Overzealous colleges aside, Weinberg told me that the public domain is a foreign concept to many people, while copyright looms large over our digital activities, 3-D printing or otherwise. “Twenty years ago, your average person didn’t know anything about copyright law,” he added. “One of the Internet’s lessons was that copyright is everywhere. That’s a reasonable shorthand to have, but it becomes problematic.” For a lot of people, there’s a vague alarm bell that goes off when copying something online. Given 3-D printing’s capacity to create high-quality replicas, this reticence can result in a chilling effect on how people engage with works of art that are free for all to reimagine.

Cosmo Wenman is familiar with the legal confusion that arises over 3-D printing artistic works. He regularly creates high-fidelity 3-D scans of classic works of sculpture that are in the public domain. His strategy, he told me, is to ask for forgiveness rather than permission. Publishing his own files of works like the head of a horse of Selene from the British Museum’s Parthenon collection or the Getty’s Caligula on Thingiverse is worthwhile in its own right, he said. But he’s also trying to help create awareness and demand for museums to release their own high-quality 3-D scans to the public. “Photography has been around for a century, but museums are just now starting to put high-resolution photos online,” he added. “We can’t let them take another 100 years to decide their policy on 3-D printing data.”

The bigger problem may in fact be deciding where to start. The public domain artwork available to scan online is vast, Wenman said. “Just about everything in the British Museum is unambiguously in the public domain. Millions and millions of cultural objects should be scanned.” Some museums and galleries are beginning to take the initiative. The Smithsonian has been making 3-D scans of certain objects available for download for a number of years, and the Baltimore Museum of Art announced plans in 2014 to release a scan of Rodin’s famous The Thinker to the public.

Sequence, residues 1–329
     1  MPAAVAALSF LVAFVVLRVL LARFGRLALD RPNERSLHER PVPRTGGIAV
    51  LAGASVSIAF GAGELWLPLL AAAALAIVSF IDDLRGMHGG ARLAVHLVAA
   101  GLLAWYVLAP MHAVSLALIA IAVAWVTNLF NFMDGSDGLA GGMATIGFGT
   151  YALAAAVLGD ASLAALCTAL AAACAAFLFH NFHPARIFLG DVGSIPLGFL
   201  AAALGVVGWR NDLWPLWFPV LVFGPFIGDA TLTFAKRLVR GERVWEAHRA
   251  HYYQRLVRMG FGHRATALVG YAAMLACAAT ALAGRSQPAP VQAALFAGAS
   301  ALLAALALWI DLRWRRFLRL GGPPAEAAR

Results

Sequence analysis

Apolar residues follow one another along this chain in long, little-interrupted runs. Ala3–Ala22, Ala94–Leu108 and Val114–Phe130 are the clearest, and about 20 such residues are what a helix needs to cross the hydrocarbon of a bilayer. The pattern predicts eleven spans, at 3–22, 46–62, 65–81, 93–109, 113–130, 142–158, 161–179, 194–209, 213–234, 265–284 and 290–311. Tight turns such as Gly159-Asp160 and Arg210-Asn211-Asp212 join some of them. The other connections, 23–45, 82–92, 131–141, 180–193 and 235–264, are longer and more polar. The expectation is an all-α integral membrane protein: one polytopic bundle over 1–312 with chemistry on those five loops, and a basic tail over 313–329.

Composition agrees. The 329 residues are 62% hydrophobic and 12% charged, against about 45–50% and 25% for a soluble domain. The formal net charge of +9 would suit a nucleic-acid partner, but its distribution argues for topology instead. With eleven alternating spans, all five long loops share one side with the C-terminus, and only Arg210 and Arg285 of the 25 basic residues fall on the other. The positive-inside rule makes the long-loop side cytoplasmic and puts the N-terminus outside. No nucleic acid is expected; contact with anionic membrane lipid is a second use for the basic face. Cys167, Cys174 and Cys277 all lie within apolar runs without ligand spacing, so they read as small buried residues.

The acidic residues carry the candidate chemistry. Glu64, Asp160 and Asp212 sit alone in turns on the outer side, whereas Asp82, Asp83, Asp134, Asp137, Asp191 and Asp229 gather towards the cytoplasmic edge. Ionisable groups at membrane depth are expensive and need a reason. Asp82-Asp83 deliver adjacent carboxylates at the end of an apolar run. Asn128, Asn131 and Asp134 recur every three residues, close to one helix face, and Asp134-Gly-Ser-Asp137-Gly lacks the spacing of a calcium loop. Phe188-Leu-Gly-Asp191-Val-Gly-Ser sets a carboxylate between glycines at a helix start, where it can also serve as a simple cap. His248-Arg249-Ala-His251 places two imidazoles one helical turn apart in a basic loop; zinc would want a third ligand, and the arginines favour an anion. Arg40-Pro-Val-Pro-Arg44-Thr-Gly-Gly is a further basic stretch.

Despite our modern aversion to “copying,” the act of reproducing sculpture is nothing new. Museums have been created high-quality casts of their sculptural work for centuries, as Wenman pointed out. So many of the originals that we cherish today are themselves copies or derivatives of things lost. By creating 3-D scans, Wenman, Fisher, and anyone else with the right software, are able to access the topology of ancient works without jumping through hoops to get into the Louvre itself. On Thingiverse and other 3-D printing platforms, people are uploading scans of old inscriptions from Joshua Tree National Park, the Coronation Stone of Motecuhzoma II, and even George Washington plaques. For many, the opportunity to touch and experiment with their own version of a classic work may only kindle their desire to one day see the real thing.

Authenticity, after all, is a malleable idea. Those who complain about the ineffable feeling of standing in front of the original work should consider that Wenman’s version of the Dancing Faun of Pompeii, clad in bright red filament, feels more vital in many ways than the original—as if being 3-D printed had given the ancient sculpture devilish new character.

Creative possibilities aside, the legal challenges that will face the 3-D printing of artistic objects are just beginning to unfold. “Be as aware of copyright as with other things, but don’t be more aware,” Weinberg said. “There’s nothing special about 3-D scanning or printing that gives it extra copyright protections.”